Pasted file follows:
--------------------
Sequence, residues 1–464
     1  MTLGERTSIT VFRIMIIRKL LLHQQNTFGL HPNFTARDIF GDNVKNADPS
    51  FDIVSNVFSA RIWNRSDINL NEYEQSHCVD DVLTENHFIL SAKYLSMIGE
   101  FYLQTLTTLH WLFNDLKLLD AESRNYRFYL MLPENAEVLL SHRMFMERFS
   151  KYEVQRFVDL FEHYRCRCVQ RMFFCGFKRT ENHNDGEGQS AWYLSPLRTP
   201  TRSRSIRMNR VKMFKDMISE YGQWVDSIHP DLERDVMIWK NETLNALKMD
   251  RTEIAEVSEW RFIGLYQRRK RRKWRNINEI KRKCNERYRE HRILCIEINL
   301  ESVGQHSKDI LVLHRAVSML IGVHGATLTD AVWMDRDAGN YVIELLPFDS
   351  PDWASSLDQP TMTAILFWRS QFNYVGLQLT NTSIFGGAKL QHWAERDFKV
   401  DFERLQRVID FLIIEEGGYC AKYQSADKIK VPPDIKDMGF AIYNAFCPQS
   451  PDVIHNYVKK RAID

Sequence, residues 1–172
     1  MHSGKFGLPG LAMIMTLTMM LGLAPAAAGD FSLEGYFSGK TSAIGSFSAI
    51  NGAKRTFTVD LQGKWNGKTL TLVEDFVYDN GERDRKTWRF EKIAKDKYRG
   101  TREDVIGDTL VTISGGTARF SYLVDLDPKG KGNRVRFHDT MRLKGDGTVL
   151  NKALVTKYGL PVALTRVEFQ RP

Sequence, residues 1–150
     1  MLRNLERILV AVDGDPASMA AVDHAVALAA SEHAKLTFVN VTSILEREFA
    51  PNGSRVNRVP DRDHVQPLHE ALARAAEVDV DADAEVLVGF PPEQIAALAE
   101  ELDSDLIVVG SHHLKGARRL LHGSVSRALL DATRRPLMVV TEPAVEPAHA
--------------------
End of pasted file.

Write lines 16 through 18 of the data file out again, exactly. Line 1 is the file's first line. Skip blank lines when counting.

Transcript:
   151  NKALVTKYGL PVALTRVEFQ RP

Sequence, residues 1–150
     1  MLRNLERILV AVDGDPASMA AVDHAVALAA SEHAKLTFVN VTSILEREFA